When people ask me what I do, I tell them my job is similar to that of a plumber's. Except I fix business cases that leak "IT value", rather than faulty pipes. In 13 years at this task (out of more than 30 years in the IT industry), I've discovered that business cases can be either the hero or the Achilles' heel of IT valuation success. Good business cases are management's beacon for cutting through the fog of value ambiguity, risk and politics. Conversely, bad business cases dangerously confuse value fact and value fantasy.
After helping Fortune 1000 companies from around the globe root out and battle the practice of using problematic business cases, I've noticed three disturbing traits. First, weak business cases for IT projects are extremely prevalent - I estimate that more than 90 per cent of all business cases are afflicted. Second, the causes and cures for these ineffectual cases are relatively culture-independent - they permeate in Singapore as much as in London, Paris and San Francisco. Third, these failings are serious - but mostly unnoticed. Like the slow, hidden water drip behind a wash basin that ultimately collapses an entire wall, bad business cases are strong, silent killers of IT value that sabotage business payoff before projects ever get off the ground.
There is, however, some good news to report: A concerned manager can discover hidden business case flaws in less than an hour of his time. I know of a single 20-minute effort in one company that revealed $1 million of benefits missed by the business case team. Another examination revealed $16 million of undiscovered business case obstacles to a project payoff. Here's a quick, three-step method I use to see if business cases have significant value defects. Try it for yourself.
1. Communicate the urgency of the business case reliability. Call your employees together. Remind them that business cases are one of management's primary inputs for bringing objective clarity to the complex task of selecting and realising the highest value of potential IT investments. Encourage your team to think about the devastating consequences if a business case erroneously predicts a 12-month payback, when it turns out to be 24 months. Or if a 32-month payback is forecasted, when it should have been eight months. Conclude this discussion with a request to enlist their help in seeing if any of these business case problems have infiltrated your organisation. Then, get the word out. Make sure that all who propose, select, manage and count on the benefits of IT investments understand the importance of ironclad business cases as well.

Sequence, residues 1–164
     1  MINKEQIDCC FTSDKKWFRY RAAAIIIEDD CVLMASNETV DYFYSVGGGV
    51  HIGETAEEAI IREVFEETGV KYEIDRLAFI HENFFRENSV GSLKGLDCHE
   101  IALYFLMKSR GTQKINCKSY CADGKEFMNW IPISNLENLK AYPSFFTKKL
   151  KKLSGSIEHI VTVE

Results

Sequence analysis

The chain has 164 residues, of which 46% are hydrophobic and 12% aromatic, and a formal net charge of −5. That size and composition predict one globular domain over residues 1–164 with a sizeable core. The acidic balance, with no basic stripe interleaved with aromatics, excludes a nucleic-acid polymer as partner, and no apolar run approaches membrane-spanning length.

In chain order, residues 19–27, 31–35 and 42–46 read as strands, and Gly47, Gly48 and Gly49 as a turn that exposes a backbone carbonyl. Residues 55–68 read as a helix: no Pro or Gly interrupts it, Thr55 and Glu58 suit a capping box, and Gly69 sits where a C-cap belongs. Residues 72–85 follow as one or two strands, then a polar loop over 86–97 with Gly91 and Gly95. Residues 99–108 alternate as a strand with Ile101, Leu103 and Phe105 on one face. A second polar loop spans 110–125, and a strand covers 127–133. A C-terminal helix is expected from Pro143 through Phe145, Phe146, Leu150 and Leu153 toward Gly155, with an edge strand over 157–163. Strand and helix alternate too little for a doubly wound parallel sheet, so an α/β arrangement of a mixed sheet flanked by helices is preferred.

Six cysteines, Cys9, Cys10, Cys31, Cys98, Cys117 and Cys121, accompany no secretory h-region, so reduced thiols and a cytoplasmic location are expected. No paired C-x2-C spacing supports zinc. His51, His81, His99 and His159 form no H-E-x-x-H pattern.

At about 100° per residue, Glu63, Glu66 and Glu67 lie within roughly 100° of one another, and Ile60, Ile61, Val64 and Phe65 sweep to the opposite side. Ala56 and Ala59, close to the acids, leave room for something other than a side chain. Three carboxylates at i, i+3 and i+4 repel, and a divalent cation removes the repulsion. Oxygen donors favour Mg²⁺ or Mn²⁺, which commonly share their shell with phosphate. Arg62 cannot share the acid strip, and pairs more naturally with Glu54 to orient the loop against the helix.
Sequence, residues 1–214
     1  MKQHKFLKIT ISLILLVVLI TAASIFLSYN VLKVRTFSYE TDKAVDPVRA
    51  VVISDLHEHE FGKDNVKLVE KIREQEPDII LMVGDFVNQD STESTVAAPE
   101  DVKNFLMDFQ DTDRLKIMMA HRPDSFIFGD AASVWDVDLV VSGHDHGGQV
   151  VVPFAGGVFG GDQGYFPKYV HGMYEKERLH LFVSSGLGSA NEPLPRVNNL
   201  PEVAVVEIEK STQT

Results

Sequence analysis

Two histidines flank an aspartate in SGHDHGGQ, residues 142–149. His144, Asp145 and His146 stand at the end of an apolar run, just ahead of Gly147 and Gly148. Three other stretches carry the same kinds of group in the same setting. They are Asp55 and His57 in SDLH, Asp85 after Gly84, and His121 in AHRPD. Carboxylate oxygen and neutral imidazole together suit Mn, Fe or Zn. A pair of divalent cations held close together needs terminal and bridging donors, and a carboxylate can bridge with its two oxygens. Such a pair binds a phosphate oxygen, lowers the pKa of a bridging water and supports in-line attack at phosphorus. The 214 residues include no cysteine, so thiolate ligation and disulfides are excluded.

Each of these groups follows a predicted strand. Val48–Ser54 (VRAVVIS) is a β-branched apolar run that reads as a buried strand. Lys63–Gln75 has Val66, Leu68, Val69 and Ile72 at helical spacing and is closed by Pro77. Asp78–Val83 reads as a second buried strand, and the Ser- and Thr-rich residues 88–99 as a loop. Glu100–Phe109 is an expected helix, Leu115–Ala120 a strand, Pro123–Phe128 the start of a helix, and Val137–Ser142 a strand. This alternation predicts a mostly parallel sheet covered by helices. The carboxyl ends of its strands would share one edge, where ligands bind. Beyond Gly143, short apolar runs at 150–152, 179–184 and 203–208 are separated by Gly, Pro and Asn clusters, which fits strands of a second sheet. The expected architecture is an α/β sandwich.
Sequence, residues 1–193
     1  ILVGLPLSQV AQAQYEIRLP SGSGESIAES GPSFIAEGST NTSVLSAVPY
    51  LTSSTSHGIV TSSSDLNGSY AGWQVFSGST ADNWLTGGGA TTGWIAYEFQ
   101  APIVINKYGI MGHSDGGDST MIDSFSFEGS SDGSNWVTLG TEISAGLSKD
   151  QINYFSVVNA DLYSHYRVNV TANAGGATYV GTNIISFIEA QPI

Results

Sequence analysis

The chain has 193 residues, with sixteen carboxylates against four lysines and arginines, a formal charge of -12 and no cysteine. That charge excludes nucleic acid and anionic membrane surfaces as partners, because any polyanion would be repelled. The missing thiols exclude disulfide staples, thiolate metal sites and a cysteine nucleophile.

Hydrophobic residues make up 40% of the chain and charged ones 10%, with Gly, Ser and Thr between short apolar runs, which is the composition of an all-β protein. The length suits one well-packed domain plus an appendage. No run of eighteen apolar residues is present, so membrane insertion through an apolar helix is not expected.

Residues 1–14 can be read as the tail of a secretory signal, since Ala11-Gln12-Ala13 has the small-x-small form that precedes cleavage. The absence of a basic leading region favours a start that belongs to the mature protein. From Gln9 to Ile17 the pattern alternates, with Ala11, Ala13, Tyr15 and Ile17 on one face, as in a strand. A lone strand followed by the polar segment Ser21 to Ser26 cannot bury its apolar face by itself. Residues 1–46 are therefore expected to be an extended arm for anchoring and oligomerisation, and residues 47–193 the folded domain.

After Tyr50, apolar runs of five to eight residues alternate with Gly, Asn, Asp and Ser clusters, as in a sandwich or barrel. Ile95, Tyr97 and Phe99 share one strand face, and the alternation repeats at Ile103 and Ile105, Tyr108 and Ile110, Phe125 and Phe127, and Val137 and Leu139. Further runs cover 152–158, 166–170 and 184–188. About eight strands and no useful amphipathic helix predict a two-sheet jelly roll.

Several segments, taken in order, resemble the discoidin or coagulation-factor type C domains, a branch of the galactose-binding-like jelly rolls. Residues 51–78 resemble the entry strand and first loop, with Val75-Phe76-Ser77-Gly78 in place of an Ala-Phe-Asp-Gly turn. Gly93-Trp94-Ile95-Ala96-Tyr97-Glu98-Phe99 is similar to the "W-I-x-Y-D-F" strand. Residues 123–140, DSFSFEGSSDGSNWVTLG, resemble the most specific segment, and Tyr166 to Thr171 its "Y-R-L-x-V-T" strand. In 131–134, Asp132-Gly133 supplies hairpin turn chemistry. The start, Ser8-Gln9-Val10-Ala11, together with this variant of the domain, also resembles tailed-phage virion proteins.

2. Locate some "typical" business cases. Ask a member of your team to compile copies of four representative business cases recently used by your enterprise. These cost-benefit reports should: be not more than nine months old; address controversial IT projects important to the enterprise's business success; and be competing for scarce funding resources. Two of these business cases should be for projects selected for funding. The other two should be for proposed projects ultimately rejected.
3. Apply the "value leakage" quick test. Plumbers check for water leaks by blowing compressed air through suspicious pipes. Your staff members can do an analogous value leakage test by passing each of these selected business cases through a gamut of 10 compressed questions listed in the chart. You can compare your business cases to the leaks listed and assess how strong or weak they are. If you frequently answer "true" to the leaks in the chart, you're in trouble.
The time investment in these steps is minimal, but using this process can go a long way in uncovering hidden business-case-related losses. But this is only the first step. In future columns, I'll be discussing more tips I've picked up from surveying the wreckage of IT value misadventures.
Jack Keen is the founder and president of the Deciding Factor (www.decidingfactor.com), and coauthor of Making Technology Investments Profitable: ROI Road Map to Better Business Cases
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